Three American Turtles Added To CITES List Of Protected Species




Blanding's turtles, spotted turtles and diamondback terrapins, turtles native to the United States have been given protections by the Convention on International Trade in Endangered Species of Wild Fauna and Flora (CITES) under CITES Appendix II. These protections will enable officials to regulate the trade of these species using a permitting and reporting system that will allow the trade of these animals only when it is determined that such trade will be nondetrimental to the survival of the species.

According to the Center of Biological Diversity, the majority of the estimated 2 million wild caught turtles captured in the United States are exported to Asia for meat and "medicinal" use, and because Asian countries have depleted their native turtle populations, turtles from the United States have been exported to meet demand. In 2012, the Center filed a petition to protect the spotted turtle and Blanding's turtle under the U.S. Endangered Species Act. The United States, in response to a petition by the Center that documented the turtle trade, proposed to protect these two species as well as the diamondback terrapin and the proposal was accepted today by CITES.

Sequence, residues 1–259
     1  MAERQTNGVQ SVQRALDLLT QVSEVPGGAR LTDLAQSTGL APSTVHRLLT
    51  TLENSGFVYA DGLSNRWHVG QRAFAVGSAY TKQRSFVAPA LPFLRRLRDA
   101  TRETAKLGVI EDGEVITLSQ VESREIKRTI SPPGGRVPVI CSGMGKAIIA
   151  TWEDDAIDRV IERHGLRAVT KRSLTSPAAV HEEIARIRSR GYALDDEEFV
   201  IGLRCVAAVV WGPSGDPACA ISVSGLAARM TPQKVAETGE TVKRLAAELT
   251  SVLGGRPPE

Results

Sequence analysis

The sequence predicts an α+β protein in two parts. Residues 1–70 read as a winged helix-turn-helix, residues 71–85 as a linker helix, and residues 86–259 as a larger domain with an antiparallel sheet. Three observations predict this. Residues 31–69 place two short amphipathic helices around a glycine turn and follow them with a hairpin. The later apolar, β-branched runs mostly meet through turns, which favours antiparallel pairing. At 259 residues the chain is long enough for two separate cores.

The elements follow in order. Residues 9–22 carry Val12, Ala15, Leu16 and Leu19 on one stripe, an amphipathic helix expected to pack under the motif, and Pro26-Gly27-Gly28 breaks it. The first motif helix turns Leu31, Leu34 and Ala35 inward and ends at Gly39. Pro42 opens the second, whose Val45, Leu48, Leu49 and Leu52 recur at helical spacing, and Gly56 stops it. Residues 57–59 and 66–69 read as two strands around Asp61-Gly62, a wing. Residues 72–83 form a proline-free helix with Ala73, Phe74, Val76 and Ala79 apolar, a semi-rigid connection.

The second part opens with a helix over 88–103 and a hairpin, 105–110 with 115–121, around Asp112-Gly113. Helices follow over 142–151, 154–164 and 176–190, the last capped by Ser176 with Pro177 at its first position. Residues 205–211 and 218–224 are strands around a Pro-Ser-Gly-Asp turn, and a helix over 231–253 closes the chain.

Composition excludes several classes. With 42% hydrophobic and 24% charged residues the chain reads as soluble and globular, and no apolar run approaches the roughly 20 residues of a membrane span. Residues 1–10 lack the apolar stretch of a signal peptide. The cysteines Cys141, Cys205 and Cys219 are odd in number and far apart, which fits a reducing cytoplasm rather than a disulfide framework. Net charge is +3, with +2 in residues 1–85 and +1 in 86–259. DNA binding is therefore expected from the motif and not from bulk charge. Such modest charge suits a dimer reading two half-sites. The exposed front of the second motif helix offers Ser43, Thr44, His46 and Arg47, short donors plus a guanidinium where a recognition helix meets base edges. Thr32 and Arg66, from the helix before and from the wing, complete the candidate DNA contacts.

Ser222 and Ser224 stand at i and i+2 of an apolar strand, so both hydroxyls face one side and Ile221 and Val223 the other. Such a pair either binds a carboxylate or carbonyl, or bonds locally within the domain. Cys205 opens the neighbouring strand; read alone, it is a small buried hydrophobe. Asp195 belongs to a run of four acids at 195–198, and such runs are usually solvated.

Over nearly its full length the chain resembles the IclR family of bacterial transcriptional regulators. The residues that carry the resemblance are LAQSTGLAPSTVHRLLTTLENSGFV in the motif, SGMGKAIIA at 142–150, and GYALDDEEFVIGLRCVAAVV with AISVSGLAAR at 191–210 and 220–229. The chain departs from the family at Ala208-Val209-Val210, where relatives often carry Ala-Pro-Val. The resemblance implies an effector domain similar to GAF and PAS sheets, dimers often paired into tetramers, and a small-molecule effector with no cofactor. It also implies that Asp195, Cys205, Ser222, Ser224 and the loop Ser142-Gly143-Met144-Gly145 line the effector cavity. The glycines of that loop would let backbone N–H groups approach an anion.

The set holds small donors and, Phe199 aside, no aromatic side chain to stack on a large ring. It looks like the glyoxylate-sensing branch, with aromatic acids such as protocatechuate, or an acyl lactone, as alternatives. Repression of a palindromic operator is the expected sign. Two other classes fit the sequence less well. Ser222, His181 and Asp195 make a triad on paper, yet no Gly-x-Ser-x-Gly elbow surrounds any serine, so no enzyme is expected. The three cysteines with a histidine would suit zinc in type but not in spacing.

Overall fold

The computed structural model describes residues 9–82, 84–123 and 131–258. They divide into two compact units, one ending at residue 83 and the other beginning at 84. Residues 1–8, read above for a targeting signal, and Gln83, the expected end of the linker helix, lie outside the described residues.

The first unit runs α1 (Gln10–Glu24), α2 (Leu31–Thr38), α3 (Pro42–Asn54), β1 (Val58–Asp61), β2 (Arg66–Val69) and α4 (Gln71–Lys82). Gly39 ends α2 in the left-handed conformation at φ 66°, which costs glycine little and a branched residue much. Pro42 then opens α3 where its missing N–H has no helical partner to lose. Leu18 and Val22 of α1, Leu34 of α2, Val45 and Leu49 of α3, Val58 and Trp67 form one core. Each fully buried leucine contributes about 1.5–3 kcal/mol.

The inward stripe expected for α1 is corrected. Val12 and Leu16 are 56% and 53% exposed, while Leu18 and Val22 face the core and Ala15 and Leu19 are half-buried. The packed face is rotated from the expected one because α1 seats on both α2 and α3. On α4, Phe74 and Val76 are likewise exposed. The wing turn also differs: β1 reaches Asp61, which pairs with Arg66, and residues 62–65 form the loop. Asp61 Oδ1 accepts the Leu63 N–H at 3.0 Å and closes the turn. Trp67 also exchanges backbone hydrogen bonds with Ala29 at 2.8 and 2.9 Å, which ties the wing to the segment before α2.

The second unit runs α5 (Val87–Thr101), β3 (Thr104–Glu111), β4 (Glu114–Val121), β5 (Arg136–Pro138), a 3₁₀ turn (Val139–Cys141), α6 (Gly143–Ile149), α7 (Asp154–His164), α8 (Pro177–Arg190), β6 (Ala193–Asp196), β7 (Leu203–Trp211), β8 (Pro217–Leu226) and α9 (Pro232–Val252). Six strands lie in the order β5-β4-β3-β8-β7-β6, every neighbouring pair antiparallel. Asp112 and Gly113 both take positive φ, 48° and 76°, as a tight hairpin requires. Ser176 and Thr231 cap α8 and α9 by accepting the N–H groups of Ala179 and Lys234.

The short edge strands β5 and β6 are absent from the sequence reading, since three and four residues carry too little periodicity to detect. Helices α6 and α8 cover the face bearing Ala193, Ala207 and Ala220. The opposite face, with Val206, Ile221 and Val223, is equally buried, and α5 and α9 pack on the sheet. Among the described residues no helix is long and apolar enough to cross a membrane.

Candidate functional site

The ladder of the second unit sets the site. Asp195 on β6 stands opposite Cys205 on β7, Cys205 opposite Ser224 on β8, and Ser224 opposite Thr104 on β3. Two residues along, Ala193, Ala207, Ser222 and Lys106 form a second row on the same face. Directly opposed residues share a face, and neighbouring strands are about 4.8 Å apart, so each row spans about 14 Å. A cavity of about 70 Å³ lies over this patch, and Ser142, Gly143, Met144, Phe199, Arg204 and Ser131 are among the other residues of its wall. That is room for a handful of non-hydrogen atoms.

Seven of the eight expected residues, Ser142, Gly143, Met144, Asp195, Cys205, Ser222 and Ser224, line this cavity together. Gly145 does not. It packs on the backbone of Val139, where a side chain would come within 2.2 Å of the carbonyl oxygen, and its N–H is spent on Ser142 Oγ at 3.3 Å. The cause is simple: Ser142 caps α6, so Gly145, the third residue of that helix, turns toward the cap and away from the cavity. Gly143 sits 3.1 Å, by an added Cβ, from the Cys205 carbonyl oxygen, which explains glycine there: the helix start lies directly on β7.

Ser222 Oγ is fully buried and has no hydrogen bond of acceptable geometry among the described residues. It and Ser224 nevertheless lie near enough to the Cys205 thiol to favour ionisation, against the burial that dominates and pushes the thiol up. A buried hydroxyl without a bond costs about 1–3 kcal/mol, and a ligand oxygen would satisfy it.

The spotted turtle (Clemmys guttata) is a small black turtle with yellow spots on its shell. It grows to about 4 to 6 inches and is known to live for more than 100 years. More information on the spotted turtle can be found here.

The diamondback terrapin (Malaclemys terrapin) is a medium-sized turtle that has a gray black carapace with varying shell patterns and skin colors. The female tends to grow larger than the male, with the male reaching about five inches in length and the female reaching nine inches in length. The can live for more than 40 years. For more information on the diamondback terrapin, visit the information page here.

The Blanding's turtle (Emydoidea blandingii) can grow to more than 9 inches in length and can live more than 70 years in captivity and in the wild. It is known for its long neck and bring yellow chin. To read more about the Blanding's turtle, click here.

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